Foxtel has licensed some of its television channels to cut-price internet service provider TPG Telecom, which is set to launch its own premium television service from early 2015.
The unprecedented move by Foxtel to sell a "white label" version of its content to an independent competitor is a further sign of the radical efforts by the former pay television monopoly to bolster growth in the face of cheaper competition.
Foxtel already has some of its content shown by Telstra’s internet television service. Telstra owns 50 per cent of Foxtel, while Rupert Murdoch’s News Corporation Australia owns the other 50 per cent.
It is understood Foxtel’s entrylevel television content would be shown through TPG’s own set-top box as part of a low-cost service. This would be similar to Telstra’s basic T-Box service.
Foxtel is facing new competition from Nine Entertainment Co and Fairfax Media – owner of BusinessDay – which have formed a $100 million joint venture to offer a subscription video-on-demand service called StreamCo that will undercut Foxtel’s cable and satellite service. That move is itself a preemptive strike against the expected arrival of US giant Netflix in Australia next year.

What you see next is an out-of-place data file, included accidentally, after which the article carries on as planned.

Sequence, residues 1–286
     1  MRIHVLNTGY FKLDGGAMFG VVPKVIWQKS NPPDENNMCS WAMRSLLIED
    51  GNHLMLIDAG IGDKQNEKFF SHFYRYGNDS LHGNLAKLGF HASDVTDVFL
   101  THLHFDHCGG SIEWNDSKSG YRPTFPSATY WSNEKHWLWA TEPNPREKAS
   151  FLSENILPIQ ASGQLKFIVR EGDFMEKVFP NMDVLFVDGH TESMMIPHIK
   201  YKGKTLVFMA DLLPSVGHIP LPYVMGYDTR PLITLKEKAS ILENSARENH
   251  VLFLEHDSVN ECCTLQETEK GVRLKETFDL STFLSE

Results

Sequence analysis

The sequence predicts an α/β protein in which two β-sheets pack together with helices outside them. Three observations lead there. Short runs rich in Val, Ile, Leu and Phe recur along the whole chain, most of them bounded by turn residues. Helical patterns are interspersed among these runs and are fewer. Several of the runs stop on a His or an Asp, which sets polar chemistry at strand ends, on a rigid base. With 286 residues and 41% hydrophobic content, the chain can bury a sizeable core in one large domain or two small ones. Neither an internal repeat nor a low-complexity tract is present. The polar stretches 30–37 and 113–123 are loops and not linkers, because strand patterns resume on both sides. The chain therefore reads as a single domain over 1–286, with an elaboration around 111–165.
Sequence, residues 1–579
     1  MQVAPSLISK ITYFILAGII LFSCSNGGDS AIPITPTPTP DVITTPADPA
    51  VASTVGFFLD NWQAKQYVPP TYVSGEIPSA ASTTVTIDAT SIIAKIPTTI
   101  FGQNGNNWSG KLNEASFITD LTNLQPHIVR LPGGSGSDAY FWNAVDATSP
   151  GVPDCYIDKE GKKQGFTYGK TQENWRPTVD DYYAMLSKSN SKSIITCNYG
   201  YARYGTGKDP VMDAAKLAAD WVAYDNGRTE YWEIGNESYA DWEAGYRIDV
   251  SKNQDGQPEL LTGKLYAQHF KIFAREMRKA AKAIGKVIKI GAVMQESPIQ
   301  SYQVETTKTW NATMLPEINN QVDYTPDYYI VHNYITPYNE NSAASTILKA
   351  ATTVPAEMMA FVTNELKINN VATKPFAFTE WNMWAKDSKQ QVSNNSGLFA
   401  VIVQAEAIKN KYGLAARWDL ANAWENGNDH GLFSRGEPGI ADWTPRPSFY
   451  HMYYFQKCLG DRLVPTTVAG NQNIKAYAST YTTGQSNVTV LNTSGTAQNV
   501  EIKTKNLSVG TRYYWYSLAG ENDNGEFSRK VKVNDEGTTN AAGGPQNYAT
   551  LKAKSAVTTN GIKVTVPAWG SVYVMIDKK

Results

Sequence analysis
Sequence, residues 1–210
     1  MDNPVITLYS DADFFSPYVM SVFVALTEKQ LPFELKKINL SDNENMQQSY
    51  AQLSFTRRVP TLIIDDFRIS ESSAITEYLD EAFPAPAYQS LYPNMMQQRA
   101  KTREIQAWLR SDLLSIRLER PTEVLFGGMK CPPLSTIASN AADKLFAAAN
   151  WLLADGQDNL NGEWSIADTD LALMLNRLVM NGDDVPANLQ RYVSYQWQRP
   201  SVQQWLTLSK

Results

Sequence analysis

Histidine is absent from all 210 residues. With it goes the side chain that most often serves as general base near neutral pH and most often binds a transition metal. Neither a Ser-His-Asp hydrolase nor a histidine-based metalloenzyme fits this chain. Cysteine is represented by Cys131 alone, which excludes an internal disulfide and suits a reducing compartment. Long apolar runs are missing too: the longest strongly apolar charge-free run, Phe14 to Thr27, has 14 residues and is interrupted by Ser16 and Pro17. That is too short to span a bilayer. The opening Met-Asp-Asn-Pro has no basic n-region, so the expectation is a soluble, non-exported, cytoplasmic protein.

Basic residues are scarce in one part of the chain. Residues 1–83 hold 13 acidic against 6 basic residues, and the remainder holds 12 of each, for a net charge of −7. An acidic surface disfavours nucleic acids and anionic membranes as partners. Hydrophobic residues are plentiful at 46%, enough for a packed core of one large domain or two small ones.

In response to these threats, Foxtel chief executive Richard Freudenstein has slashed the price of the basic Foxtel cable and satellite service from $49 to $25 and is preparing to offer a broadband and phone service from early next year.
That will pit Foxtel head to head against both Telstra and now TPG, which will launch a "triple play" service of broadband, fixed line telephony and pay television – via the internet – in the new year.
It is unknown what the TPG contract is worth to Foxtel. Both parties declined to comment.
Internet-protocol television (IPTV) is an increasingly important service used by telcos to keep customers loyal to their brand. Most other major internet service providers , including SingTel-Optus and iiNet, have partnered with Malaysian-backed service Fetch TV for their subscription TV content.
TPG consumer business head Craig Levy told Fairfax Media on Tuesday he had secured a content partner. "TPG has been doing IPTV for more than five years on our network , using multicast technology and we have the underlying infrastructure to do it,’’ he said. "What we’ve always lacked is the content.’’